-Spanish Teacher: She was moody and often swore in class. She had it out for me for whatever reason. At the fall conference, she told my mom I should let other students answer in class more. So I was more patient. At the spring conference, she told my mom I should speak up more. At the end of the year of my senior year, I got really sick and could not go to school. We had a policy that we could make up tests and that sort of stuff. I took a test when I got back to school for this class and gave it to her - she gave me a zero. And there is no way I should have gotten a zero for that.
-Principal: He was a real joy too. I remember asking him if I could opt out of one of my English classes the next semester to take a more challenging English class. Everything being taught in that class I knew already. It was the easiest A ever and I was bored. He really didn't have too much to say to that. During my senior year, I got really depressed and bombed a few college courses I was taking. No one tried to work with me so I could get back on track - the principal cast me off as lazy.
But, not every teacher was negative either. I had some really great ones.
-Math teacher: He made all my math classes so easy, and I'm not good at math. He was phenomenal at getting stuff across.
-Social studies teacher and his wife who worked special ed: He was great and really knew me, I felt. He wrote a letter of recommendation for me and I could talk to him about almost anything. Same with his wife, even though I was not in special education.
-Science teacher - This guy made science fun. We dissected cats in anatomy. He was strict and kept the class in order. However, he was a very effective teacher, more than fair, and had a good sense of humor.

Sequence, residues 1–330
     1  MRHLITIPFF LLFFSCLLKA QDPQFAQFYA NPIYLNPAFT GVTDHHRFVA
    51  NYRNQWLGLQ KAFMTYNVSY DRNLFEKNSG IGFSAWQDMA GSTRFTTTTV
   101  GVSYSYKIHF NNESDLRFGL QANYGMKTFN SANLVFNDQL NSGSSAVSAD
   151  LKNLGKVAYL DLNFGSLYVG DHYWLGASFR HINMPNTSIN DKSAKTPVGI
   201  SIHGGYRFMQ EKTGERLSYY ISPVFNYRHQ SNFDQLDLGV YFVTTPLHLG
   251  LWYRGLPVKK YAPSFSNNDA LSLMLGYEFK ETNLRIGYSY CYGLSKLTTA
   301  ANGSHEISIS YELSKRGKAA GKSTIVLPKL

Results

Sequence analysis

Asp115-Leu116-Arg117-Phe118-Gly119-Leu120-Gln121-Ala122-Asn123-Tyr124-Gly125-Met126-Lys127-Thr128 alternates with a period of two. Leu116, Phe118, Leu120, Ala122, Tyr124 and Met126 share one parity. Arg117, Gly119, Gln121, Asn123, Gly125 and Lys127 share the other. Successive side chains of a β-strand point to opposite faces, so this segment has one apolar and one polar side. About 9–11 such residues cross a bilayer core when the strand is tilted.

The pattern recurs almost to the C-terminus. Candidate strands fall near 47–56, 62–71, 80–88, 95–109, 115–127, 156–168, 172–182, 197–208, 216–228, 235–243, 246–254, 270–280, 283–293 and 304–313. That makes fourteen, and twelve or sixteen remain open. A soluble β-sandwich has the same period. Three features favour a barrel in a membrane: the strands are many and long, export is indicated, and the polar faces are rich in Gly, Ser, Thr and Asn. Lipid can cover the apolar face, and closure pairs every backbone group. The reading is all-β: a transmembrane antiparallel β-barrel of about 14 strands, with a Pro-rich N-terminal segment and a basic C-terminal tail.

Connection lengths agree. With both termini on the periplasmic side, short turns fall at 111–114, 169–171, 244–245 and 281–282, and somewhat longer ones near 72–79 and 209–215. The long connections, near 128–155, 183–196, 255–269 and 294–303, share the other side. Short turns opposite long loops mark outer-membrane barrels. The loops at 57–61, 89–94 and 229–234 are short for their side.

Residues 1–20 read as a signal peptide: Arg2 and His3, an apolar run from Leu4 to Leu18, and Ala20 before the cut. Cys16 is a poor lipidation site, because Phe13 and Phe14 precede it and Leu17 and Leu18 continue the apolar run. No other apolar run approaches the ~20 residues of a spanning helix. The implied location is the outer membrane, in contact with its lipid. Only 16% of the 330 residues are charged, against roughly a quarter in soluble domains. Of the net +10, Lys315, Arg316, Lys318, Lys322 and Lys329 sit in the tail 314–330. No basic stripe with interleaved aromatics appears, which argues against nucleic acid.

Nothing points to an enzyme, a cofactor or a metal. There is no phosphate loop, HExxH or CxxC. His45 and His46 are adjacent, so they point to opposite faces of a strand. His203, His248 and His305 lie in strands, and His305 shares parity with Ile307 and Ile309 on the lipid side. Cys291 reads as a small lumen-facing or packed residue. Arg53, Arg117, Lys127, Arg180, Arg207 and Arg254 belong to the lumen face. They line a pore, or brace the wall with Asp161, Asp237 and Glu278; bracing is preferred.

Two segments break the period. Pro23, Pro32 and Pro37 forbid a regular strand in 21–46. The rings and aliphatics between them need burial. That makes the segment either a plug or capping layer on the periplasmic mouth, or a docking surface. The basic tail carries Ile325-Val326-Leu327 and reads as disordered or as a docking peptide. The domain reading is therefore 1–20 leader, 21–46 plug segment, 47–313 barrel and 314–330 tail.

-6th grade teachers - They're both the greatest. I loved school back then. I learned so many things for them about life and class. They worked with me when I messed up because they knew I was an honest student who tried hard. I can't say enough about them. They both had a tremendous effect on my life.
-Business teacher - Oops, forgot her. She was also very strict but had a good sense of humor, was easy to talk to, and would be there when you needed her for help.
-Ag teacher - I hated him at first. He accused me of plagiarizing a paper. I never plagiarized. I won't. He seemed mean, hard to get along with...but as soon as I started to get to know him, things went differently. He was very influential in teaching me about my own leadership skills and had a quirky sense of humor. I actually learned things in his ag class, unlike the teacher before, and got involved in FFA and stayed involved in his time there. Great guy.
There's good and bad in both.